• Microsoft’s Satya Nadella parachutes in, upbraiding the board and demanding that Sam be reinstated. Sam demands that the board be terminated before he’ll come back. The board agrees, and it looks like crisis solved.

  • Sam comes back to work, and they give him a ‘guest’ badge and tell him that he’s not coming back after all, and the board is going nowhere.

  • Microsoft announces that Sam and ‘other workers’ from OpenAI will be going to Microsoft to start their own AI division.

  • Those ‘other workers’ turn out to be just about the entire company. 710 of 770 employees sign a letter saying that if the board does not resign and reinstate Sam, they will all quit en masse. The letter was incredibly scathing.

  • Microsoft announces that any workers at OpenAI who want to come to Microsoft will retain their full pay and benefits.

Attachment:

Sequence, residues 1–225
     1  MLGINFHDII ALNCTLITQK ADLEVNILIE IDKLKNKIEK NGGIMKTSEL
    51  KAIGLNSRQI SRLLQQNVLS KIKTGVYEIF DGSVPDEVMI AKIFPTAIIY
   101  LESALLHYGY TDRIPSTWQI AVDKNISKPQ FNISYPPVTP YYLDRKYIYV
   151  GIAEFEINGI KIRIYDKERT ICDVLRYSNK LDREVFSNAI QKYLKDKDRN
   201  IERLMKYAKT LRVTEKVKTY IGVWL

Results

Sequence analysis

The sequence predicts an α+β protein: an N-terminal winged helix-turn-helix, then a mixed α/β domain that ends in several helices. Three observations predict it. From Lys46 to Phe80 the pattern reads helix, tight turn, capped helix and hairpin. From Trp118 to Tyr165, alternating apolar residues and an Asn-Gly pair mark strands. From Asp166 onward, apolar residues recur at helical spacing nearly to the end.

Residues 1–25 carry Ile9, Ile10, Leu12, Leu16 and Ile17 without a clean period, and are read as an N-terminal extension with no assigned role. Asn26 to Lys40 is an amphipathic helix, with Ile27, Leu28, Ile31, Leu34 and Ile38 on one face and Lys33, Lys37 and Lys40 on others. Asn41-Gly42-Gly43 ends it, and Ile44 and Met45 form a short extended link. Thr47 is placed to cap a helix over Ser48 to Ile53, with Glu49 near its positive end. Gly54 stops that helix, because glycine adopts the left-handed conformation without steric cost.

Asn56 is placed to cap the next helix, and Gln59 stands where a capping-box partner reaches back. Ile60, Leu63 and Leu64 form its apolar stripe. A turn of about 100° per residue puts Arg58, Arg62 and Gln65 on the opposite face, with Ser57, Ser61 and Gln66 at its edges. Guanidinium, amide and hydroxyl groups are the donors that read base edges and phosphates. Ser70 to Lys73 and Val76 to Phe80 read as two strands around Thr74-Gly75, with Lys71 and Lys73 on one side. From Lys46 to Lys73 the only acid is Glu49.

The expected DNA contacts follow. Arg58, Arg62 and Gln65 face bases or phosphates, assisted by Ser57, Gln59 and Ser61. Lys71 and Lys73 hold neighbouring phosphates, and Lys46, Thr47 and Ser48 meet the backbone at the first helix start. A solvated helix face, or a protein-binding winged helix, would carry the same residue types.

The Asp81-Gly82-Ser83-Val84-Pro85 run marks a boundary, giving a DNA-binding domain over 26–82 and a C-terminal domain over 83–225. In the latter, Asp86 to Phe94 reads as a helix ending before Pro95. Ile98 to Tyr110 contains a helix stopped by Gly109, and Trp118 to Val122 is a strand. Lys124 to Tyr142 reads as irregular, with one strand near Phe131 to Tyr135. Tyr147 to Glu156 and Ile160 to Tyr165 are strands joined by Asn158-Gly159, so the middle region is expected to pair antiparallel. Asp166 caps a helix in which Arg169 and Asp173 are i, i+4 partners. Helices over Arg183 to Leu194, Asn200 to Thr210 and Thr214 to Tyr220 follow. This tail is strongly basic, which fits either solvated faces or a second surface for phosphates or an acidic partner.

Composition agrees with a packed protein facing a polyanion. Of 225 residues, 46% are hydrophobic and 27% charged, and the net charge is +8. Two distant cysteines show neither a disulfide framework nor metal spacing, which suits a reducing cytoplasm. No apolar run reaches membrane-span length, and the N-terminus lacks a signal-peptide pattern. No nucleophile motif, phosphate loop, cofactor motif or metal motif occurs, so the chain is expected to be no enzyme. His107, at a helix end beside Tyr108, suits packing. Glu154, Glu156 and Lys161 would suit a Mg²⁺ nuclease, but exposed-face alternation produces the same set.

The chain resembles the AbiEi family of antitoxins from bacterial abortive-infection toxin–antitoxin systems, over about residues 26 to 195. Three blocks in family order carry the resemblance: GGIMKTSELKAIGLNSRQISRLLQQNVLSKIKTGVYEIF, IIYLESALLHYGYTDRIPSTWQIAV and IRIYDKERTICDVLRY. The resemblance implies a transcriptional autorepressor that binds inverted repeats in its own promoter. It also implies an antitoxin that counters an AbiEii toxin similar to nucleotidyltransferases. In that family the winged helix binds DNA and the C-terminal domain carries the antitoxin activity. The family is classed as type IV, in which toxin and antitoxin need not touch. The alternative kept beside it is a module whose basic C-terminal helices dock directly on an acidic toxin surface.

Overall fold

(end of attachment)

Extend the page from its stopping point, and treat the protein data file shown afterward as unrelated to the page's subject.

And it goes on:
At this point it looked like a 90 billion company might just fold completely and essentially be recreated in Mocrosoft. Microsoft would get a 90 billion company for the $13 billion they had already invested. Amazing.

But then the saga took anpther twist. The board hires a new CEO, the head of Twitch. But the CEO takes a look at what happened, and tells the board, “Give me a good explanation for the firing of Sam Altman. or I walk.” They don’t, he does.

Two members of the board resign. One turns out to have been writing articles critical of OpenAI and favorable to its competitors. Strange. She also wrote that she didn’t care if she destroyed OpenAI if that would fulfill the board’s goal of ‘safety’. The shareholders did not take kindly to that.